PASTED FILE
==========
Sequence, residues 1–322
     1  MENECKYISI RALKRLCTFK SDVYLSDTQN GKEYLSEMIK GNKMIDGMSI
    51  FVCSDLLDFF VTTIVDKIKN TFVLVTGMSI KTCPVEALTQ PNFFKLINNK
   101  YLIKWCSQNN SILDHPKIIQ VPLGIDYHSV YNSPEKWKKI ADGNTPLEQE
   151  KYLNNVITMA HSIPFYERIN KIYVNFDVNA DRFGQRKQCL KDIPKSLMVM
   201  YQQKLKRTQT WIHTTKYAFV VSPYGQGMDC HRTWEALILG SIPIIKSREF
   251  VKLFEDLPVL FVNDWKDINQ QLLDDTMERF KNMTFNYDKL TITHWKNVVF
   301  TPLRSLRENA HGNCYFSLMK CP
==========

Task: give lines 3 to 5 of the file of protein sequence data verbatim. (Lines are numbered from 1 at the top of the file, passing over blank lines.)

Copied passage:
    51  FVCSDLLDFF VTTIVDKIKN TFVLVTGMSI KTCPVEALTQ PNFFKLINNK
   101  YLIKWCSQNN SILDHPKIIQ VPLGIDYHSV YNSPEKWKKI ADGNTPLEQE
   151  KYLNNVITMA HSIPFYERIN KIYVNFDVNA DRFGQRKQCL KDIPKSLMVM